tariat with the hourgeoisie. But all at
lemnts at strikes proved abortivr, proved,
also. at the same time, the patriotic mood
af the majonty of Russia's working class.
An important development of the stand
of the Bolsheviki was that the executive
eommittee of tbe Workmen's Council de
cided to rob the Bolsheviki representa?
tives of their right to be represented there.
At the same time, the Mensheviki. or Mini
malists. who are the moderate Socialists
controlling the Workmen's Council, re
--olved that. the Moscow conference should
he. only cotisultative, I, e., that its decision
should not he binding upon the Provisional
Government.
Such was the political situation on the
(\e of the open ing of the Moscow assrm
My. But the military situation. also, sud
denly assumed a very gloomy outlook. The
Cermans began to advance in the north
and Riga eeemed about to fall. Mr. Deych
Fleuvet. coriespnndent of *'The New York
World." cabled at the time as follows:
"Tha aerieus menare to Ripa may play a
deeisive rart ln the Moscow cotiferer.ee. 'Ihe
eondition of thi troops and the activities of
the flolahevtki. who are attemptirifj to disin
teprate the land and rtnval forces la a manner
smellir.g atrongly rf Oerman money, will he
up for consideration.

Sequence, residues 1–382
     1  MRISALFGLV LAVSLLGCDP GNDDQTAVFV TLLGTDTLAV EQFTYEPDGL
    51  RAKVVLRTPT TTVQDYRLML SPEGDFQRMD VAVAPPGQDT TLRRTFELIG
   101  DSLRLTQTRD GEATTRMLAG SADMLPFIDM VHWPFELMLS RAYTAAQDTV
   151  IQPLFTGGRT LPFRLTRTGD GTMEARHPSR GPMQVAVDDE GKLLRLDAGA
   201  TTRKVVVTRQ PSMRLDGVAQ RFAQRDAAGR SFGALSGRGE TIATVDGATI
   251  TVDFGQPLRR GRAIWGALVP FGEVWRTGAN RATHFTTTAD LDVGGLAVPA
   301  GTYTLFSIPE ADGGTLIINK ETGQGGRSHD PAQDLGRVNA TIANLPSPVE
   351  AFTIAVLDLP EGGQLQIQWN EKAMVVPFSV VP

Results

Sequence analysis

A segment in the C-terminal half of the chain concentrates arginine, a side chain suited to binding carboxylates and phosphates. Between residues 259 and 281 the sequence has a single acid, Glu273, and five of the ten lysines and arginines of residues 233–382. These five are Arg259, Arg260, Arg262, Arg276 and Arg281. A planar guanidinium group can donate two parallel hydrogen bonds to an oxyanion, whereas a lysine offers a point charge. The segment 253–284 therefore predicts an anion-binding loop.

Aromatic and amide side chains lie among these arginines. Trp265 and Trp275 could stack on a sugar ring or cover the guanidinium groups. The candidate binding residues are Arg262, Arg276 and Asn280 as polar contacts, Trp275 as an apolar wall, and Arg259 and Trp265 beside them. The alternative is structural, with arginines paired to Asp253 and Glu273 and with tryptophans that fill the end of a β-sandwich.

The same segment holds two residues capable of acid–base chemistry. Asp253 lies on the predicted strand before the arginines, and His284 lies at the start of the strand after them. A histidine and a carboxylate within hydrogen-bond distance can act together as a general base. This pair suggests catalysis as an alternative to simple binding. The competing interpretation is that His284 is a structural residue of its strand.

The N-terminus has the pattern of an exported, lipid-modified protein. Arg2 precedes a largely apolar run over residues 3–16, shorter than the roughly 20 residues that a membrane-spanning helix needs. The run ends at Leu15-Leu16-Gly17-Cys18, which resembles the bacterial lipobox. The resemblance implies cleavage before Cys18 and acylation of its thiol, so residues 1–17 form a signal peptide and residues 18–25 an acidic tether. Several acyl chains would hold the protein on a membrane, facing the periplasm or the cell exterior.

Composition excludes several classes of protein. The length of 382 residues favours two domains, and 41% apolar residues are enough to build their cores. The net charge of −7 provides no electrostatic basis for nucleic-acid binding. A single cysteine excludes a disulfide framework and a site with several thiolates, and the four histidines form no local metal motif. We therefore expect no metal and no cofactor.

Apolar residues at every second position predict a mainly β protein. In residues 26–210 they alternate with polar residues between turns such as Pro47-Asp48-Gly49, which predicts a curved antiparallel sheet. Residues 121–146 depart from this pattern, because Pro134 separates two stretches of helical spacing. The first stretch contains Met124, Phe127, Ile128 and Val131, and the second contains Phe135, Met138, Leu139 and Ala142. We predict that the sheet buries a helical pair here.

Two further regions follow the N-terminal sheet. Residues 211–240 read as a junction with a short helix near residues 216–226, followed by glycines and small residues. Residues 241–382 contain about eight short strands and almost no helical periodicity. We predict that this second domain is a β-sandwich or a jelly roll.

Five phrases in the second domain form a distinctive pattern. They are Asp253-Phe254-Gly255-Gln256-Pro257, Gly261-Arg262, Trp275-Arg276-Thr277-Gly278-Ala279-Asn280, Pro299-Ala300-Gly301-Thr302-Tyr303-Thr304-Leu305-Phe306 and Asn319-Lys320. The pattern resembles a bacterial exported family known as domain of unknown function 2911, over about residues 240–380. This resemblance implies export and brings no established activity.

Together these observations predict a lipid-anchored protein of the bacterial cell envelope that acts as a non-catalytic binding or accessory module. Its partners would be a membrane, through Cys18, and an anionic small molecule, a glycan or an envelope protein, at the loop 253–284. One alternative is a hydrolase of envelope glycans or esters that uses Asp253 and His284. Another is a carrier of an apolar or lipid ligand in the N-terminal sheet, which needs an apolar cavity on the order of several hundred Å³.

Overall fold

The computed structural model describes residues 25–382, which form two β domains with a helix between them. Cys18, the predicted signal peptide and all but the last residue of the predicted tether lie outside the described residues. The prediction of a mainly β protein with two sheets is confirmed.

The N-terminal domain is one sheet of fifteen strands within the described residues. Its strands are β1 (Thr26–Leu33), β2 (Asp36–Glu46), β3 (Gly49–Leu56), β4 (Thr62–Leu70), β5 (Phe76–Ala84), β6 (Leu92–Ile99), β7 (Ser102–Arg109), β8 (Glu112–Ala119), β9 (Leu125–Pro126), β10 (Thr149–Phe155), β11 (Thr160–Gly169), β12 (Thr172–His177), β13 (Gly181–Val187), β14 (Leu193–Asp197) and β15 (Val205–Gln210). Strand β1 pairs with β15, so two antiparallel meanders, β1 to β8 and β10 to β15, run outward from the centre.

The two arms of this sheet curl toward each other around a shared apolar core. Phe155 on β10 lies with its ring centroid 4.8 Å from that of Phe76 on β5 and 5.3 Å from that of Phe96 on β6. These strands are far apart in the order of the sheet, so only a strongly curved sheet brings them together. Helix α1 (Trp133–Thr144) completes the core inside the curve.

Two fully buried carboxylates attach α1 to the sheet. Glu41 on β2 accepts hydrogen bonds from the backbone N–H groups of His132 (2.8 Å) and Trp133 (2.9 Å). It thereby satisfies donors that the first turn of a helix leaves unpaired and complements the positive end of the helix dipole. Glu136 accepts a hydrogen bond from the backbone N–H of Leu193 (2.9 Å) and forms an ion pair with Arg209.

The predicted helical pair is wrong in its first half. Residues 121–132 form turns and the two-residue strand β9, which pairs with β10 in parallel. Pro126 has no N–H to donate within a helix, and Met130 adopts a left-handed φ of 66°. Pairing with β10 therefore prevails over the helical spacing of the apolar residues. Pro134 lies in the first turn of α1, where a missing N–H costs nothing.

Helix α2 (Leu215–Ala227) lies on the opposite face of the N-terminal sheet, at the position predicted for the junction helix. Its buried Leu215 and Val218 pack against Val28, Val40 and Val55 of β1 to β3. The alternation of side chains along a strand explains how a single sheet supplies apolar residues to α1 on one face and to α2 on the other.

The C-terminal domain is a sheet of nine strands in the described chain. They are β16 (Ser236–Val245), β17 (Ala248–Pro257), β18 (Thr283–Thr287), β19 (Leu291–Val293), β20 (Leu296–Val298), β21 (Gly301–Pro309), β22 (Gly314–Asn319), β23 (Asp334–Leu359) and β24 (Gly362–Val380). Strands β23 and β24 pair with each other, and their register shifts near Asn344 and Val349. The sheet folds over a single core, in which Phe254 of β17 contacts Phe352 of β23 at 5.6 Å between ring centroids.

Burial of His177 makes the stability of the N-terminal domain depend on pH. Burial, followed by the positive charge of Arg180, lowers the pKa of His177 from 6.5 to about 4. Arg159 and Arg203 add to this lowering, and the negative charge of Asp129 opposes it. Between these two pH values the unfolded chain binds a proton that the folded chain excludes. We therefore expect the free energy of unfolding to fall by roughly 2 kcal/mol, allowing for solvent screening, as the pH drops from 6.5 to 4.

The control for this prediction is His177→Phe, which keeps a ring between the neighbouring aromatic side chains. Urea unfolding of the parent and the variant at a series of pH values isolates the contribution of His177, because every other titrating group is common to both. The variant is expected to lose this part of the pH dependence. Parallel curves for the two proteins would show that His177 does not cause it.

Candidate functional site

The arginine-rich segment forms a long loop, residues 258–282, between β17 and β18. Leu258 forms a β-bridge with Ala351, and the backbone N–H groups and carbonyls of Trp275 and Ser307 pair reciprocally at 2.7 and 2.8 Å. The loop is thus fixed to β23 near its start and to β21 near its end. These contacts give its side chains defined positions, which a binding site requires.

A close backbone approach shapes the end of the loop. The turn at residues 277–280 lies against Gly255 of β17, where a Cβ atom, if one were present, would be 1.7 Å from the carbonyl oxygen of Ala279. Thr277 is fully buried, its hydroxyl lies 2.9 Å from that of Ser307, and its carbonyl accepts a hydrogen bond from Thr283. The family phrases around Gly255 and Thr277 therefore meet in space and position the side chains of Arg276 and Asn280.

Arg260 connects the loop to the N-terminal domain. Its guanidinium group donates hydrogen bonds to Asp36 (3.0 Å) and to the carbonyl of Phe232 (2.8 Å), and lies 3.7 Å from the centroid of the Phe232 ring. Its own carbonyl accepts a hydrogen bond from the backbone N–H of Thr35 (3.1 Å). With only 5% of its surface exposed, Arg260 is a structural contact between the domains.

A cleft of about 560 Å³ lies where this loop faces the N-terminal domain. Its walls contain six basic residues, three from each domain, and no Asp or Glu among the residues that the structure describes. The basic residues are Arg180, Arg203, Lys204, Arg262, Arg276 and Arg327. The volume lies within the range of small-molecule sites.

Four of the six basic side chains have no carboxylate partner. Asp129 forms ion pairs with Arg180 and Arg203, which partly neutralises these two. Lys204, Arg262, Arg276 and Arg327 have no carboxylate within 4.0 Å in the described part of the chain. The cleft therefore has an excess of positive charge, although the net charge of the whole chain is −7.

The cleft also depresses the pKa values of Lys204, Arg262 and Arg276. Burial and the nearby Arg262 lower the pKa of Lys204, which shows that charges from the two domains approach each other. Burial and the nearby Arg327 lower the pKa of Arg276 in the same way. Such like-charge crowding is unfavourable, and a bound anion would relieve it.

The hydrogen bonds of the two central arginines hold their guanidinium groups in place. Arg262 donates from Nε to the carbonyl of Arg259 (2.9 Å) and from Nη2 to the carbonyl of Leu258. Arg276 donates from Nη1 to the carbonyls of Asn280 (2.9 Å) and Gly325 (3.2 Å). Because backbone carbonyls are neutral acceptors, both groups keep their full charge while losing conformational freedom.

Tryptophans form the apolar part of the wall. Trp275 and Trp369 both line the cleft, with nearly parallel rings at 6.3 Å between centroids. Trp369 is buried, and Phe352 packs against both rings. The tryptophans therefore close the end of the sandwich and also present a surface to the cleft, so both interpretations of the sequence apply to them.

"Tha whole aituatien ia attaining deeiaire
importanee MbBBBW, representintf the ri.ut
try, ia atttmij a? a court. soltmnly ravlewiag
the revolution ard determining to lav a
lourae of real power ta rehuild the army and
the nation'a industries. Tha rrediramenf of
Riga klndles the impulse "
For Purposes of Revirw
And Counsel
Another mterpretation of the tneaning
ard purpose of the. Moscow eorivetition was
*>ired Ky Herman Bernitein, naw in Pe
tregrad, to "The New York Herald." He
said:
"Aa a eliaiaa to the *re mont.ha of revolu?
tion at the national ftfeeeew conference the
rorreaentatives of all elements of ftusr'a will
arlew the present situatioi', ofTrrinjr counsel
ia the crisis.
"The rVoviaional l,overnment arill rre?en?
a proprao-.nie to eope drast'.cally aith the
eaanter revalatianary attempts ard tender
, aa and with extreaie radiealism and Max
? ?-. which are u-iderm nit'p t^a founda
tion of the Rusaian revolution
"It a!:0 will out'. ne its de'erminatton to
continue the wa' vigereaala/ by reargBBtsiag
? - litara foreea and ostah!'shi"e; iron dis
cipline at the front throughout Russia.
"Ritter eritieiam s expeeted from various
elements. A clash between the Seldiera' and
Wor.nien'n Council and the repr^eita"v?
duatrial H? j??ik il itumirient. b'i* thi
pravilv of th" situation douible.as will 'ead ro
sacrifiees of partisan diffrrences 'or t"e sakfc
of aavlag Ruaaia and freedom through their
mted efforts."
When on August 2*. at 3 o'clock in the
sfternoon, Premier Al*>xander Kerensky
opened the Ifeeeoar Assembly, he confront
ej two separate and oppofing hostile cur
lent.--. Thasc curranti are aiually raferrad
to as the counter revolutionary elements.
But it ia erroneous to imagine that these
element- are united. There are two coun
ter revolutionary movements in Russia.
i ne at the extreme Right. the other at the